BOSTON (AP/WPRI) — A six-car commuter train without an operator and with 50 passengers on board left a suburban Boston station, traveled through four other stations without stopping before it was disabled, transit officials said Thursday.
No passengers were injured, and the possibility of tampering is being investigated, said Frank DePaola, general manager of the Massachusetts Bay Transportation Authority, who called it a “highly troubling incident.”
“Passenger safety is the highest priority for the MBTA and this highly troubling incident is under investigation by Transit Police detectives,” DePaola said in a statement.
An initial investigation indicated that a safety device within the train’s cab may have been tampered with.
“This train was tampered with and it was tampered with by somebody who know what they were doing,” said Gov. Charlie Baker during an interview on Boston Herald Radio Thursday morning, adding that he couldn’t go into detail because the investigation was ongoing.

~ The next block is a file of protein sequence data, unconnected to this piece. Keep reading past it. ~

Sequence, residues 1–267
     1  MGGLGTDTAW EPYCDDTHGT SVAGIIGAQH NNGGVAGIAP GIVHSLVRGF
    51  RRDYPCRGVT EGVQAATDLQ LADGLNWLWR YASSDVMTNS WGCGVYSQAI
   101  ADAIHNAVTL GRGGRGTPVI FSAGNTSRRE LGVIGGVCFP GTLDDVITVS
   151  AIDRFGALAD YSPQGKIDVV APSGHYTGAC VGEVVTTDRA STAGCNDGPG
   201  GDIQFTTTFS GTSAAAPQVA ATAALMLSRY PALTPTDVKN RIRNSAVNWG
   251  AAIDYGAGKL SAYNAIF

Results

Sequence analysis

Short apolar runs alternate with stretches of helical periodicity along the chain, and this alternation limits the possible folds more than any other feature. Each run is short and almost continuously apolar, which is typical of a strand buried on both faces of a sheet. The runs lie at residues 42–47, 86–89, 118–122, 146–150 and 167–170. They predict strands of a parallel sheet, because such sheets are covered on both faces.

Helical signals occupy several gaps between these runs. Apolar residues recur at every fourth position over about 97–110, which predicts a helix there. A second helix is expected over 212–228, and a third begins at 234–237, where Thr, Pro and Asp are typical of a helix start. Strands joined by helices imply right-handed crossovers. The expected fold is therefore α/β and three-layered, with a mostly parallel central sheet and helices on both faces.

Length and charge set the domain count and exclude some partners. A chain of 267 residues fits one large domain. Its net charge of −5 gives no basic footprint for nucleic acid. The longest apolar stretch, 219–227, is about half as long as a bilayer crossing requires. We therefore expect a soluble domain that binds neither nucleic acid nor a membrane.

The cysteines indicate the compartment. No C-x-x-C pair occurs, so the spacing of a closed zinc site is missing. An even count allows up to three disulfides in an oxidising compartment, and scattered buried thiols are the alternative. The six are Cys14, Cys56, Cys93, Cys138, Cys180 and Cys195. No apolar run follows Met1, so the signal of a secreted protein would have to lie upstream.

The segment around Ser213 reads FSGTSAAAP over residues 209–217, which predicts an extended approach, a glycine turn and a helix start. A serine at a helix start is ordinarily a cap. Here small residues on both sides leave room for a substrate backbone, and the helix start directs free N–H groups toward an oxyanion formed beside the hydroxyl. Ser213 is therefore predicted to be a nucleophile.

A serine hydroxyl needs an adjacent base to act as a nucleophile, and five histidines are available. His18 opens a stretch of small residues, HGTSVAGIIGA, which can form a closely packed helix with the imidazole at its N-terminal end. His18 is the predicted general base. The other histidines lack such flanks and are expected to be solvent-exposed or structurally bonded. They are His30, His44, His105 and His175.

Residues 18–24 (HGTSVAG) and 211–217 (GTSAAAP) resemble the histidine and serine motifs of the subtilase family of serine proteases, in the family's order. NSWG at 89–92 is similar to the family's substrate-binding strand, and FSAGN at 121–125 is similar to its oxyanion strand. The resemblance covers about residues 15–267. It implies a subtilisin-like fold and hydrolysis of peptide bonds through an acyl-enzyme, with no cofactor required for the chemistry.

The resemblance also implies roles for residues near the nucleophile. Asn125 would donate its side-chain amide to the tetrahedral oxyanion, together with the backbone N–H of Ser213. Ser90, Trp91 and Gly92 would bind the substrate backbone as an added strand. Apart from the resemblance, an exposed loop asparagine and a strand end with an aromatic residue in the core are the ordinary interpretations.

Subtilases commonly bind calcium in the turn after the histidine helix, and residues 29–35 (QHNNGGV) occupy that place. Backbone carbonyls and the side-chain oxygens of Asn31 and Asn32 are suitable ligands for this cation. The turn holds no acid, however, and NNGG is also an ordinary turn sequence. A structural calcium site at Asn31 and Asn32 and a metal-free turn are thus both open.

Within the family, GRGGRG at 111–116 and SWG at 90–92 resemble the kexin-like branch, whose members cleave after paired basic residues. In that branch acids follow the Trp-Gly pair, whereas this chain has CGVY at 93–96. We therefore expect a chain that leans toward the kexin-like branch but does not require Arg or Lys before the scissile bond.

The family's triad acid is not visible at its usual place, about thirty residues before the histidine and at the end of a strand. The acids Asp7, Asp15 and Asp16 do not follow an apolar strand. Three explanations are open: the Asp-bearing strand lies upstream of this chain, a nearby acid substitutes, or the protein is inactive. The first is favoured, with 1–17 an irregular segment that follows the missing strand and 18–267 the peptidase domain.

An FBI spokesperson told The Boston Herald the agency is aware of the incident and has been in contact with MBTA Transit Police.
MBTA operations disabled the train and brought it to a stop by cutting off power to the electrified third rail, according to the statement.
The Red Line train departed Braintree Station — the southernmost stop of the line — shortly after 6 a.m. without an operator and traveling north toward Boston, the statement said.
Transit personnel boarded the train after it was stopped and drove it north to the JFK/UMass stop, where passengers disembarked. The train was taken out of service and brought to a maintenance facility in Boston, where an investigation is under way, according to Joe Pesaturo, spokesman for the transit agency.
Passengers are among those being interviewed, the T said.